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Monday, 14 November 2005

2485: Fulham: Are new owners needed


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by : Fred Tarow

Just over eight years ago perennially controversial Egyptian Mohammad Al Fayed took control of Fulham Football Club. They had just been promoted from Division Three, after a hellish three year stint in the League's basement division, but were on the verge of losing their beloved Craven Cottage and were in dire financial straits. Al Fayed arrived in a blaze of publicity and pronounced that the club would be playing Premiership football within five years and that he would turn them into the "Manchester United of the south". Al Fayed's public persona has been partly built on some inane and insane ramblings and to the casual observer these claims provided conclusive proof that he was indeed incurably bonkers.

Al Fayed aimed for the stars and while not quite coming close enough to pluck them from the sky he certainly landed on the clouds. Fulham were a Premiership club within four years and are enjoying their fifth consecutive campaign in one of football's biggest cash cows.

High profile managers Kevin Keegan and Jean Tigana have come and gone, as have big earners with big reputations like Edwin Van Der Sar, Louis Saha, Andrew Cole and Steve Marlet in a turbulent but enjoyable roller-coaster few years for the Londoners. But in 2003 the huge investment stopped and big names are no longer linked with, let alone walking through the gates of, Craven Cottage. Arguably the biggest signing of recent times has been the thoroughly underwhelming Tomasz Radzinski for less than two million. So profligate has he been since arriving from Everton that Chris Coleman has recently given the Pole a banjo and cow to practice his aim. Incidentally, the cow's posterior remains in pristine condition.

Al Fayed seems to have realised that throwing money at a Premiership football club does not yield the dramatically successful results that characterised his early chairmanship. In business terms, and Al Fayed is clearly an astute businessman, investment at previous levels was not sustainable and so a tightening of the purse strings was required for any sort of return on his massive investment. With that new philosophy in place Fulham Football Club started on the road to financial self sufficiency when, in March, for the first time since Al Fayed took over they announced profits in the region of half a million pounds.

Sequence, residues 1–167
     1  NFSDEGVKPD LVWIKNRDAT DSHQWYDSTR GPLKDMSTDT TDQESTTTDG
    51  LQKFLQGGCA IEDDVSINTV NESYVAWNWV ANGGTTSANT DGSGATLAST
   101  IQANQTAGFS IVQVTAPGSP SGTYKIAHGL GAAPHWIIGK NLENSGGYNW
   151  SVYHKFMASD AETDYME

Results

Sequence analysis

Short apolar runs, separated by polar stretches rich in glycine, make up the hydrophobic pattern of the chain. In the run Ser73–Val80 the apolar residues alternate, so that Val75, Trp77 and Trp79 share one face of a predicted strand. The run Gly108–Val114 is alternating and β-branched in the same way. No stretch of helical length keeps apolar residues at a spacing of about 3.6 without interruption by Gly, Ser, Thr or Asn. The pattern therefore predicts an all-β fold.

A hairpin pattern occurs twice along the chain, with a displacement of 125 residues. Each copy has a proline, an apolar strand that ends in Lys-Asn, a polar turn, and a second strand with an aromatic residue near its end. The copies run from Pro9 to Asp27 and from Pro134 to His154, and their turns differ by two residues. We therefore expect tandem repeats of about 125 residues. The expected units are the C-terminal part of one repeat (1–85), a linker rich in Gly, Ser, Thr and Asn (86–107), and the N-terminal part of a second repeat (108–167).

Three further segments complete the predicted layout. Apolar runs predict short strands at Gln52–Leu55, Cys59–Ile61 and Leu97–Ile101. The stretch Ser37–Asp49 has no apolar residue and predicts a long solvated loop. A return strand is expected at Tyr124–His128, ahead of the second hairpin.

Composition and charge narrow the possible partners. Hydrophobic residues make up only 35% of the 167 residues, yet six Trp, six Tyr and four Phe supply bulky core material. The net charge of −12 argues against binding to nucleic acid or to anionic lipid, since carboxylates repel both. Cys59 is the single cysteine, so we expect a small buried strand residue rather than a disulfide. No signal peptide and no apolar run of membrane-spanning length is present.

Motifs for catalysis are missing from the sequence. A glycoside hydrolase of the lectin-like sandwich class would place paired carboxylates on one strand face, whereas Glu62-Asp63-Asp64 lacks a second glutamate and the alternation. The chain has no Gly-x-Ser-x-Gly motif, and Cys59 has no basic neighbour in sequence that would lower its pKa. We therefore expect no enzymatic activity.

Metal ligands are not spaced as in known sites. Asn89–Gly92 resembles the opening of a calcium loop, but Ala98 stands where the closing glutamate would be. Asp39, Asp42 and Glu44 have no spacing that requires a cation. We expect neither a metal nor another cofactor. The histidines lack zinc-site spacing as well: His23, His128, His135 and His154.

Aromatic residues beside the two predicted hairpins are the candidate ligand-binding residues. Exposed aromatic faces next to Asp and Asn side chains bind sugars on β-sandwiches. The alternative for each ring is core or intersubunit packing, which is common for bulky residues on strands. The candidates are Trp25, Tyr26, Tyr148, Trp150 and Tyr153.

However the new found prudence has had a negative effect on the football team. The squad now looks woefully shy of talent and depth and although, with the enormously talented Chris Coleman at the helm, they will stay up this season and maybe next, relegation is looming for the Cottagers. Should any more of their stars, most notably Papa Bouba Diop, Luis Boa Morte, Claus Jensen or the irrepressible Steed Malbranque follow Van Der Sar and Saha out the door then it is difficult to see how the already lightweight Fulham could survive in the top flite without heavy investment. If the current lack of ambition continues then the talented foursome (in their mid to late twenties) will surely seek fulfillment of their potential elsewhere. They will have no shortage of suitors.

So perhaps then it is time for Al Fayed to acknowledge a job exceptionally well done, try to recoup his £130 million investment and move on. No doubt that some Fulham fans will see this as sacrilege given all that the Harrods owner has done for Fulham. However past glories, regardless of how plentiful, don't stand up well to current regression. And in terms of squad quality, regressing they certainly are. Take this past summer's transfer activity. The club lost van der Sar, Cole and Lee Clark while Niclas Jensen and Heidar Helguson were the only notable additions. Coleman's ability to unearth gems like Diop on a shoestring budget can only defy gravity for so long.

If Fulham suffer relegation how much weight will the "We're in a better situation now than when Al Fayed took over" carry? If he sells now to someone willing to invest in the team Fulham's Premiership status will not just be preserved but they may actually begin to prosper again.

However, the omens aren't good. Al Fayed recently resisted the overtures of Fulham fan and internet gambling tycoon John Wallis saying that the club "was not for sale". Coleman, perhaps fearing the Al Fayed guillotine, offered the obligatory backing for his chairman saying "I cannot see him letting someone else come in and take it forward because we can do that". While Coleman's loyalty was admirable there has been little recent evidence, aside from empty rhetoric, that Al Fayed possesses the will to take the football club forward. As well as being renowned for his business acumen, Al Fayed is famed for being a fiercely proud man. That pride may well prevent him from doing what is best for Fulham and blight what should be a glorious legacy.

Fred Tarow
9 November 2005

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